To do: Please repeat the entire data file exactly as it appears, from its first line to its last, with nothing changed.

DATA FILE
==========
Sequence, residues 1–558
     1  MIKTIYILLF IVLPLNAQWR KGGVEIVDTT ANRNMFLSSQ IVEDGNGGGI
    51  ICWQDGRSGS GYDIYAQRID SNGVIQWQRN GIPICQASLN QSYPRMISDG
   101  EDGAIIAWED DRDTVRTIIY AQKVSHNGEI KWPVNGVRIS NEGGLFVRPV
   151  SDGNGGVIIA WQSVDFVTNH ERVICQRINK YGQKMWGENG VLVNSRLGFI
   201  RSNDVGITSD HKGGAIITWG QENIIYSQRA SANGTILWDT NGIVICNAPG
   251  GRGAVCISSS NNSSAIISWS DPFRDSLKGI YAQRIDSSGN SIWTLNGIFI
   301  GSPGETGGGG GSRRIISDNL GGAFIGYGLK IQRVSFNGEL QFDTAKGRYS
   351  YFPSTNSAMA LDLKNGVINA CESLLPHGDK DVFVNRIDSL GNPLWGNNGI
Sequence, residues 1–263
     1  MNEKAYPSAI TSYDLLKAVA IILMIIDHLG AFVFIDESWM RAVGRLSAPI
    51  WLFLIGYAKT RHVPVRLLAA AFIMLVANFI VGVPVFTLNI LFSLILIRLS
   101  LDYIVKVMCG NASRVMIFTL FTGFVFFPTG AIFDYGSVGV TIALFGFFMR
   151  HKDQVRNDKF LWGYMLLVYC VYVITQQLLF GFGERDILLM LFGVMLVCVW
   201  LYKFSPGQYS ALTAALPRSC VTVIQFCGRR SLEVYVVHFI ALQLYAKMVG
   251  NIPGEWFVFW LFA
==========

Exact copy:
Sequence, residues 1–558
     1  MIKTIYILLF IVLPLNAQWR KGGVEIVDTT ANRNMFLSSQ IVEDGNGGGI
    51  ICWQDGRSGS GYDIYAQRID SNGVIQWQRN GIPICQASLN QSYPRMISDG
   101  EDGAIIAWED DRDTVRTIIY AQKVSHNGEI KWPVNGVRIS NEGGLFVRPV
   151  SDGNGGVIIA WQSVDFVTNH ERVICQRINK YGQKMWGENG VLVNSRLGFI
   201  RSNDVGITSD HKGGAIITWG QENIIYSQRA SANGTILWDT NGIVICNAPG
   251  GRGAVCISSS NNSSAIISWS DPFRDSLKGI YAQRIDSSGN SIWTLNGIFI
   301  GSPGETGGGG GSRRIISDNL GGAFIGYGLK IQRVSFNGEL QFDTAKGRYS
   351  YFPSTNSAMA LDLKNGVINA CESLLPHGDK DVFVNRIDSL GNPLWGNNGI
Sequence, residues 1–263
     1  MNEKAYPSAI TSYDLLKAVA IILMIIDHLG AFVFIDESWM RAVGRLSAPI
    51  WLFLIGYAKT RHVPVRLLAA AFIMLVANFI VGVPVFTLNI LFSLILIRLS
   101  LDYIVKVMCG NASRVMIFTL FTGFVFFPTG AIFDYGSVGV TIALFGFFMR
   151  HKDQVRNDKF LWGYMLLVYC VYVITQQLLF GFGERDILLM LFGVMLVCVW
   201  LYKFSPGQYS ALTAALPRSC VTVIQFCGRR SLEVYVVHFI ALQLYAKMVG
   251  NIPGEWFVFW LFA